April 12, 2005 > New Year, Thai style
New Year, Thai style
by Ceri Hitchcock-Hodgson
Splashes of water, lots of color and good times mark the Songkran celebration of the Thai New Year, the most important of all Thai festivals and holidays. From April 13 to 15, families and friends gather to celebrate by visiting temples, make offerings to the monks, bathe Buddha images, thoroughly clean their houses and sprinkle water on each other to wish good luck. Songkran is a physical and spiritual "spring cleaning" that ushers in the coming year and sweeps out the old.
This is a time of introspection for the Thai Theravada Buddhist population, which makes up about 95 percent of the Thai population. Individuals reflect upon acts of kindness and thoughtfulness each has personally experienced and how generosity and compassion bring peace, happiness and well-being. Songkran is also the time when reunions and family ties are renewed and respect is paid to elders. The underlying significance of Songkran is the process of cleansing and purification - purging ills, misfortune and evil and starting the New Year fresh. Water is symbolic of the cleaning process and signifies purity.
The practices of Songkran date back to the pre-Buddhist spring festivals during which throwing water was a symbol of luck to bring rain for the crops. Buddhism spread to Thailand in the 13th century and the ritual was converted to the religious custom of cleansing the statues of Buddha once a year.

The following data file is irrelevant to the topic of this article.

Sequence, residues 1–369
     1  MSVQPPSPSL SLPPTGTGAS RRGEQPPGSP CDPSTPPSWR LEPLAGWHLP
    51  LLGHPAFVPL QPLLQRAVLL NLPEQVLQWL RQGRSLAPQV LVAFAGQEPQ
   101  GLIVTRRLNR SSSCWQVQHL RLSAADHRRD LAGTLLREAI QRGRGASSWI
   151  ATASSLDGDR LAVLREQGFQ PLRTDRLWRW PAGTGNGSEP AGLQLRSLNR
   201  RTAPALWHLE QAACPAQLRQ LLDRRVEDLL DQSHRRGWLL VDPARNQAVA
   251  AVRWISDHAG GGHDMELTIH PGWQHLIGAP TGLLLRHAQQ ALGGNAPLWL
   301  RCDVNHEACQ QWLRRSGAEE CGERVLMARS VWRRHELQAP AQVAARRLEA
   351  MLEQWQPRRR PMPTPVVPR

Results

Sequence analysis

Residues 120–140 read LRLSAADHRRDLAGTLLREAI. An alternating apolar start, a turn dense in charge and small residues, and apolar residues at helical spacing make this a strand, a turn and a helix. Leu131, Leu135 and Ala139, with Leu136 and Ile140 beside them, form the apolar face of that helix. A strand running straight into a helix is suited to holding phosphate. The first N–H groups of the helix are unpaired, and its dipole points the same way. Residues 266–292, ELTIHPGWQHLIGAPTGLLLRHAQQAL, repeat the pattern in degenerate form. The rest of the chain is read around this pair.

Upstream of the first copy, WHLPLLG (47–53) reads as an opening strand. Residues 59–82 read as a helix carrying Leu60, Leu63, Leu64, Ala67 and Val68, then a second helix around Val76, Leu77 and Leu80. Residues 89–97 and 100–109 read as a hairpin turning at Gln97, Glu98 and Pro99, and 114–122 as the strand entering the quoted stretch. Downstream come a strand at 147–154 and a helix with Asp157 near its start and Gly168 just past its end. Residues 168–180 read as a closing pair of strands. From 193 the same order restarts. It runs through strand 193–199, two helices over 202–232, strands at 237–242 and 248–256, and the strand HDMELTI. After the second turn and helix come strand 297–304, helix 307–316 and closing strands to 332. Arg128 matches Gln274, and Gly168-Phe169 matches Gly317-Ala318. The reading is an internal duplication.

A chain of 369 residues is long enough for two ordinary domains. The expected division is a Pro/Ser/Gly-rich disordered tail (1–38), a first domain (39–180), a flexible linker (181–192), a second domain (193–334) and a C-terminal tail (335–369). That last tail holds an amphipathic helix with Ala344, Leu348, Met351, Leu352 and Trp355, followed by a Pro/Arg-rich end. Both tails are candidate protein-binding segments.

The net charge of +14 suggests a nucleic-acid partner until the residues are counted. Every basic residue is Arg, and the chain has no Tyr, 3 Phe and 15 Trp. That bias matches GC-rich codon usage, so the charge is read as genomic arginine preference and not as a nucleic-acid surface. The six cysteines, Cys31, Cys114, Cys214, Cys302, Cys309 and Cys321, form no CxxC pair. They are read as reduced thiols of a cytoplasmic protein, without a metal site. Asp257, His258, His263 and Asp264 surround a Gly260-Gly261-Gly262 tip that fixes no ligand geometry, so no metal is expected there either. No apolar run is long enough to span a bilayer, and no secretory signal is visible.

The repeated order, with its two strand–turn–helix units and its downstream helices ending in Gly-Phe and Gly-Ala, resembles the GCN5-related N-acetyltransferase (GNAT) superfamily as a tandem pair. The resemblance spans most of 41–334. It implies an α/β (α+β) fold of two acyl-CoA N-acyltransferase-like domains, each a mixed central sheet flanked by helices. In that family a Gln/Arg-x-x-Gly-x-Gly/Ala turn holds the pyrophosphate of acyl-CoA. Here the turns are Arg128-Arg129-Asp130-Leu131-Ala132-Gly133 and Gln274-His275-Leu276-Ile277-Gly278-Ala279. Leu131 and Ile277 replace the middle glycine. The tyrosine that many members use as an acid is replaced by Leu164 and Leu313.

Songkran is a word from the Sanskrit language that means "movement" or "change" and refers to the orbit of the sun moving into Aries of the Zodiac calendar. The traditional Thai calendar is a combination of the solar and lunar movements but the New Year is based on movements of the sun. In modern times, the date is set as April 13.
The first day of the celebration, known as Maha Songkran, begins by bidding farewell to the outgoing year with a thorough "spring cleaning." This act emphasizes awareness of responsibilities toward family and home. The day continues with merit-making, offerings such as rice, dessert and/or fruit, drinking water, candles and lotus blossoms presented to Buddhist monks. Merit-making is an act of giving that demonstrates generosity toward others and is an integral part of the festival.
Later in the day, Buddha images are bathed with lustral (blessed) water in a gesture of respect. Religious ceremonies include a procession of Buddha images through city streets offering residents of the community to take part in the bathing rites. In Thailand, an annual "Miss Songkran" parade and floral floats are part of the popular festivities.
During Wan Nao (April 14), the day between the old and new years, when the position of the sun is in transition between Pisces and Aries, merit-making continues in the morning with more offerings of food to the monks and family members. In the evening, sand is brought to temples to build pagodas called "phra chedis sai" decorated with colorful flags and flowers. An ancient belief says that when an individual walks away from a temple, particles of sand from the temple grounds are inadvertently carried away on shoes or sandals. Building these "sand castles" is seen to be a practical way of replacing the sand lost and a merit-making act through which blessings are earned. This tradition may have started centuries ago as a part of cleansing rituals where new, clean sand was added to the temple floor once a year. This custom highlights the roles and responsibilities of temples, monasteries and the community that is served by the religious institution.